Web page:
Review: “Open Season” by C.J. Box

Open Season: The First Joe Pickett Novel by C. J. Box. 323 pages. Putnam Books.

This isn’t the first time that I picked up a book because I watched a movie or TV series. But usually I waited until I was done with the viewing before I turned to the book. In this case, my wife and I ordered the book from Amazon while we were streaming and watching the series Joe Pickett on Paramount Plus. Right up front I will say that both the book and the series have their strengths and their weaknesses, and I will go into those, hopefully without giving too much story away.

To begin with, Joe Pickett is the story of a modern-day game warden who lives with his pregnant wife and two daughters in Wyoming. He is hired into what he considers his dream job, even though he lives in a home that isn’t his, and his entire annual income is $26,000. He’s honest to a T, won’t take bribes or look the other way, and at first gets a reputation as a very unpopular guy in town. Things start getting interesting when a local outfitter takes his gun away, then later ends up dead in Joe’s woodpile in his back yard.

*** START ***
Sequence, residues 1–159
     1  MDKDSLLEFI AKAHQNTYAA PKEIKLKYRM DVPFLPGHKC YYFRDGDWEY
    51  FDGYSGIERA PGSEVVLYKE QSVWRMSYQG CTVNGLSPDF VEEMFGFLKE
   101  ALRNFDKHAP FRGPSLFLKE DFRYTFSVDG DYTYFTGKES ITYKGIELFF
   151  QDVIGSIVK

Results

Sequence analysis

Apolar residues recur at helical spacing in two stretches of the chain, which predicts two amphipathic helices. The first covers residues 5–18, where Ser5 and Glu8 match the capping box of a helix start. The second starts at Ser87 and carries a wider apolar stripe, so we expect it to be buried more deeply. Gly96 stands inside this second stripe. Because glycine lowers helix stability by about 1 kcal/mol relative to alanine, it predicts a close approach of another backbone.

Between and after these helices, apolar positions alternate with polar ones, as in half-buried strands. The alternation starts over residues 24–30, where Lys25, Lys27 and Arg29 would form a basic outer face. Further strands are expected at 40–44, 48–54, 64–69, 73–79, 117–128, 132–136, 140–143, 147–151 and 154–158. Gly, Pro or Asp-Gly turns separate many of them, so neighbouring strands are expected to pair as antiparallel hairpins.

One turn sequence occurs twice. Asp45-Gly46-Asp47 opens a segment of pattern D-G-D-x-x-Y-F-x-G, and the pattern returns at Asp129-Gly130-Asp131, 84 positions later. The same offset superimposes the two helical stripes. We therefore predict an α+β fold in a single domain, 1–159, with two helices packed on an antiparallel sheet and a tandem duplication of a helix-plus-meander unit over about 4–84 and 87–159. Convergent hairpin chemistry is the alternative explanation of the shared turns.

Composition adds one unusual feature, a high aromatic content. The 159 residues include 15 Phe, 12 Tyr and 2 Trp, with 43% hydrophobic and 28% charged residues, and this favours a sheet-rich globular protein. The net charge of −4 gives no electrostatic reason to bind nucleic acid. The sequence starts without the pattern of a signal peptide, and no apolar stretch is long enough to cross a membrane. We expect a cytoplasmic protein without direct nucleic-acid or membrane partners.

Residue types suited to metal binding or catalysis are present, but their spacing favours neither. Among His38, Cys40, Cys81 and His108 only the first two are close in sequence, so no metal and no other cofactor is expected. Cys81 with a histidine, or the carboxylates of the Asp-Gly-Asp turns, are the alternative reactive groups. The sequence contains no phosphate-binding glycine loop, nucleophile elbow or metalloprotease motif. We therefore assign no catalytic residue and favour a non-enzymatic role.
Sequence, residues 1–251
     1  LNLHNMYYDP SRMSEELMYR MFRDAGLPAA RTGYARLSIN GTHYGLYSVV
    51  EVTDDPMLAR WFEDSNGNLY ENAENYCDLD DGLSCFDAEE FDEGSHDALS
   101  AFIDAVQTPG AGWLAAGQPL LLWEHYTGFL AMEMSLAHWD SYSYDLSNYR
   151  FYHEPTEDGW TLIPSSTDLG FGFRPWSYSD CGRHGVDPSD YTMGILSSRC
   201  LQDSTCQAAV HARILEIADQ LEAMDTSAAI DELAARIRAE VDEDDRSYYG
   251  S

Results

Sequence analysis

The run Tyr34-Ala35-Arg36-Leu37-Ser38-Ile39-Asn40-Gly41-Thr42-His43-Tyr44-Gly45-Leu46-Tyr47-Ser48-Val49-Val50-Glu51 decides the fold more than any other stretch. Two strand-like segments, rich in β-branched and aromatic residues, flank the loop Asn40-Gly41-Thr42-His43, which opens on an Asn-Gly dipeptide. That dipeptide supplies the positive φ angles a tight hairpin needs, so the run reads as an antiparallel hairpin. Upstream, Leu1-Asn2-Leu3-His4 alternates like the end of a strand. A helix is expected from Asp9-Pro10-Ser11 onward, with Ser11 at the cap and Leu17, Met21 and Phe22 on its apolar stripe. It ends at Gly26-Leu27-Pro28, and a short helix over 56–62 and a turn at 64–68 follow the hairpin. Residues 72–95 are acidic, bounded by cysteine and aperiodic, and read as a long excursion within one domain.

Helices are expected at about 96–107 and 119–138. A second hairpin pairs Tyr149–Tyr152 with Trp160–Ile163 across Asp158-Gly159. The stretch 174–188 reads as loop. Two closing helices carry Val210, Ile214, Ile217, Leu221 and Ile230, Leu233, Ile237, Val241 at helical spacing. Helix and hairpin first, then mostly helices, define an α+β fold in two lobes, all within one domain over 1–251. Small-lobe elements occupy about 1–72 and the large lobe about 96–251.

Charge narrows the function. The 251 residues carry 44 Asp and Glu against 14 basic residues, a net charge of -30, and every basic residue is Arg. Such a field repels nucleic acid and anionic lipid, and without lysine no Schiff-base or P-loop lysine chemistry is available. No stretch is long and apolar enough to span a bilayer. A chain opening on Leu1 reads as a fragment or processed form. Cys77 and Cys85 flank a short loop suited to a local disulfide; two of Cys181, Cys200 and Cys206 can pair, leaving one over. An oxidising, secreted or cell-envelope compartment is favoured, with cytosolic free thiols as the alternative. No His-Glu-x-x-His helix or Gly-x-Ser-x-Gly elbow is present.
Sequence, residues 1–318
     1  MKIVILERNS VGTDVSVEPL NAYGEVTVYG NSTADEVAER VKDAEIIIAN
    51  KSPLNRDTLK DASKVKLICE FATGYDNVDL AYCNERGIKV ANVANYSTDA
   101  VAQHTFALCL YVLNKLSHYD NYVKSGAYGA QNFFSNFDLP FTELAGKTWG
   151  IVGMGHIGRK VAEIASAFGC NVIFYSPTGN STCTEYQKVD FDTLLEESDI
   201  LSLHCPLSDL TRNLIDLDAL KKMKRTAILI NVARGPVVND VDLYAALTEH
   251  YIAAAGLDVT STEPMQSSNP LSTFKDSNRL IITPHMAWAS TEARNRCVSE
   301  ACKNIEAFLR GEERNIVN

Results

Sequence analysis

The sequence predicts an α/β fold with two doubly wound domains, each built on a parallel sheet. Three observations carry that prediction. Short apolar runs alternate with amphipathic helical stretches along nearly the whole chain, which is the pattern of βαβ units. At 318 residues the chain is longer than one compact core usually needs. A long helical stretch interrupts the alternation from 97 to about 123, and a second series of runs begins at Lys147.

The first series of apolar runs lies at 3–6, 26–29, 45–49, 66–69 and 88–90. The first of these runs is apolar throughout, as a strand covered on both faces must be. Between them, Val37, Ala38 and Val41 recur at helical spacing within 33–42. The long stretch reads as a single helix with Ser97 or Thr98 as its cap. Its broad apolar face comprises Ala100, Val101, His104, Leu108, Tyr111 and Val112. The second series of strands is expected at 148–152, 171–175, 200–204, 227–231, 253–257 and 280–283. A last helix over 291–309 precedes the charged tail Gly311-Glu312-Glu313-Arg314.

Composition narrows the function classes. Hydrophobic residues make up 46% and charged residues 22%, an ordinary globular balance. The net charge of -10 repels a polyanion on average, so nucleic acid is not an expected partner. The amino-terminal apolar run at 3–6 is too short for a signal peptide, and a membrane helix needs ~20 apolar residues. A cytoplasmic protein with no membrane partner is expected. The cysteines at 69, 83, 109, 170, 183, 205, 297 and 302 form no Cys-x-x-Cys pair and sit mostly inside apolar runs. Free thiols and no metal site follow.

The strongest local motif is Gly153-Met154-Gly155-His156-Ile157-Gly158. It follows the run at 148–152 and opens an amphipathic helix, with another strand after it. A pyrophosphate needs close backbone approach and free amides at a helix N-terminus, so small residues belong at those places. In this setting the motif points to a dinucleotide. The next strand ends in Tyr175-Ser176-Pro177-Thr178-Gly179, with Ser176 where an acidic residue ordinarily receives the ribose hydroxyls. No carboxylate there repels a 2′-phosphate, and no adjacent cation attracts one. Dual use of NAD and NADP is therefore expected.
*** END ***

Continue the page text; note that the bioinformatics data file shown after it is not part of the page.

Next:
It’s a classic murder mystery, yet is quite unique, mainly because of the main character. The book spends a great deal of time in internal dialogue and you get to know Joe quite well. On the other hand, the series expands stories about secondary characters and brings them into the story more. The series diverges from the original storyline by the time we get to the end of the book quite a bit, but both are good. I actually preferred the TV series, mainly because I liked what they did with the other characters and with the actor who played Joe.

If there was anything I could complain about in the book, I would say that it could have been fleshed out more. You see more description of people and the area on the series, but of course, you lose their inner thoughts. The book won several awards.

This book is the first of sixteen books on Joe Pickett, but I don’t think I will continue the series. The author’s writing was good, but not great.

I give it four stars out of five.